FIG. 68 is a timing diagram of write access in a PNA mode on data retransfer associated with a transfer error.

FIG. 69 is a timing diagram of write access in a PNA mode of an optional write type.

FIG. 70 is a timing diagram of write access in a VFA mode of a default write type.

FIG. 71 is a timing diagram of read in a VFA mode to be interrupted using a termination command.

FIG. 72 is a timing diagram of read access in a VFA mode for reread.

FIG. 73 is a timing diagram of read access in a VFA mode of an optional read type B(1).

FIG. 74 is a timing diagram of read access in a VFA mode of an optional read type B(2).

FIG. 75 is a timing diagram of read access in a VFA mode of an optional read type B(3).

FIG. 76 is a timing diagram of read access in a VFA mode of an optional read type B(4).

FIG. 77 is a timing diagram of read access in a VFA mode of an optional read type C(1).

FIG. 78 is a timing diagram of read access in a VFA mode of an optional read type C(2).

FIG. 79 is a timing diagram of read access in a VFA mode of an optional read type C(3).

FIG. 80 is a timing diagram of write access in a VFA mode (1 sector).

FIG. 81 is a timing diagram of write access in a VFA mode (256 sectors).

FIG. 82 is a timing diagram of write access in a VFA mode to be interrupted using a termination command.

FIG. 83 is a timing diagram of write access in a VFA mode with error recovery.

FIG. 84 is a timing diagram of write access in a VFA mode of an optional write type.

FIG. 85 is a diagram illustrative of a flow in a PNR mode including error processing.

FIG. 86 is a diagram illustrative of a flow in PNR, VFA, MDA modes including error processing at the time of read access.

FIG. 87 is a diagram illustrative of a flow in PNR, VFA, MDA modes including error processing at the time of write access.

FIG. 88 is a timing diagram of execution of a change command for changing a certain mode to the MDA mode.

FIG. 89 is a timing diagram of execution of a change command for changing a certain mode to the PNA mode.

FIG. 90 is a timing diagram of execution of a change command for changing a certain mode to the VFA mode.

FIG. 91 is a timing diagram of registration of a NOP command.

FIG. 92 is a timing diagram of registration of another NOP command.

FIG. 93 is a timing diagram of operation associated with a firmware reload command.

FIG. 94 is a timing diagram of a busy/ready change command.

FIG. 95 is a timing diagram of an ID read command.

FIG. 96 is a timing diagram of a status read command.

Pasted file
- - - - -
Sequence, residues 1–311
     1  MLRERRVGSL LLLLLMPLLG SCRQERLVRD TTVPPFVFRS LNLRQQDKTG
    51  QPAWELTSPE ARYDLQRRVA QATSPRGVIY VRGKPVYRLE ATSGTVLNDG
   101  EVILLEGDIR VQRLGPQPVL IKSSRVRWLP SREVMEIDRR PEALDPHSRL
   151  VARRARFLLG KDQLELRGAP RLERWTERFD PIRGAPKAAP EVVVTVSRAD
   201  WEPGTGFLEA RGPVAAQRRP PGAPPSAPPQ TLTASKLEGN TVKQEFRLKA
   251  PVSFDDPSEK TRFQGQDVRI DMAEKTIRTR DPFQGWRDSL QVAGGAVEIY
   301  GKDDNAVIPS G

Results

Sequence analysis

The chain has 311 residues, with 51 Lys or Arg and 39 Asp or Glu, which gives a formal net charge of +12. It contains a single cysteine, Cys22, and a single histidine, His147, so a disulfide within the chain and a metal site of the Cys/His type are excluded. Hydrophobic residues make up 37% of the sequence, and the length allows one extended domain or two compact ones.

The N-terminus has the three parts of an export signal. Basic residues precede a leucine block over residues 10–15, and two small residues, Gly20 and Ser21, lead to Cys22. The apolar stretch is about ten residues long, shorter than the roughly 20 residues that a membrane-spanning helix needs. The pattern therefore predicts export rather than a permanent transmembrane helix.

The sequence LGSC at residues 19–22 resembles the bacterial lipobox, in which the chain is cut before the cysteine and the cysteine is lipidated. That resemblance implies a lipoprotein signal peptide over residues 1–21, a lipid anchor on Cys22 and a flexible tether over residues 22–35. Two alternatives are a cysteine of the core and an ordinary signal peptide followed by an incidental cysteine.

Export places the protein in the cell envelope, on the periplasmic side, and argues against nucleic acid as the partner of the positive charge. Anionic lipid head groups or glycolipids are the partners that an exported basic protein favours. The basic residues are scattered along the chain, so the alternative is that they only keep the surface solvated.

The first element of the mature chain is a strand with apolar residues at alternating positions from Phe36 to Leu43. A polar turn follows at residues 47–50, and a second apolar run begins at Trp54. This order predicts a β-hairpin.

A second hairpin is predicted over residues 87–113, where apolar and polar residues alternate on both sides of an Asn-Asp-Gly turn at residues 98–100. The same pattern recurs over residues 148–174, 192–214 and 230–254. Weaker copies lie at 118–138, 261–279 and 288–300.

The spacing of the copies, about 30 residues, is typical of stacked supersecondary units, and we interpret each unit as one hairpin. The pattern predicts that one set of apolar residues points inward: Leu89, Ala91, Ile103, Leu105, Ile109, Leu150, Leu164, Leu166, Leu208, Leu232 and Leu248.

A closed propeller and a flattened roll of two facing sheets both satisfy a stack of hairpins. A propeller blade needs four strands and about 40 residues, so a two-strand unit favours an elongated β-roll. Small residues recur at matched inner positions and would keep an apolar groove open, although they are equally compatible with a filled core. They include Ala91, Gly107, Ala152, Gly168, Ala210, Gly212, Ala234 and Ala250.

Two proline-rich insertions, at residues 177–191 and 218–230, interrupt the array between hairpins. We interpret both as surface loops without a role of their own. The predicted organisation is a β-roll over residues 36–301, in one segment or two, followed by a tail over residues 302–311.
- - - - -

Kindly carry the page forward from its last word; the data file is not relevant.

FIG. 97 is a timing diagram of a password setting command.

FIG. 98 is a timing diagram of a VFA unit setting command.

FIG. 99 is a timing diagram of a firmware update execution command.

FIG. 100 is a timing diagram of an address reset command.

FIG. 101 is a timing diagram of a firmware reload command.

FIG. 102 is a timing diagram of a read/write termination command.

FIG. 103 is a timing diagram of a firmware update send command.

FIG. 104 is a diagram illustrative of a relation between host I/O and LBA-NAND memory internal operation.

FIG. 105 is a diagram illustrative of a flow of error processing in firmware update.

FIG. 106 is a timing diagram of a data refresh execution command.

FIG. 107 is a timing diagram of a MDA area erase command.

FIG. 108 is a timing diagram of a flash cache execution command.

FIG. 109 is a timing diagram of a transfer protocol setting command.

FIG. 110 is a timing diagram of a minimum busy time setting command.

FIG. 111 is a timing diagram of a power save mode setting command.

FIG. 112 is a timing diagram of read to which a power save mode setting command is applied.

FIG. 113 is a timing diagram of command latch to which a power save mode setting command is applied.

FIG. 114 is a timing diagram of a power save mode exit command.

FIG. 115 is a timing diagram of an address information acquisition command.

FIG. 116 is a timing diagram of a maximum capacity information acquisition command.

FIG. 117 is a timing diagram of a pin information acquisition command.

FIG. 118 is a timing diagram of read in association with a read retry command.

FIG. 119 is a diagram illustrative of operation modes and mode changes of a LBA-NAND memory in summary.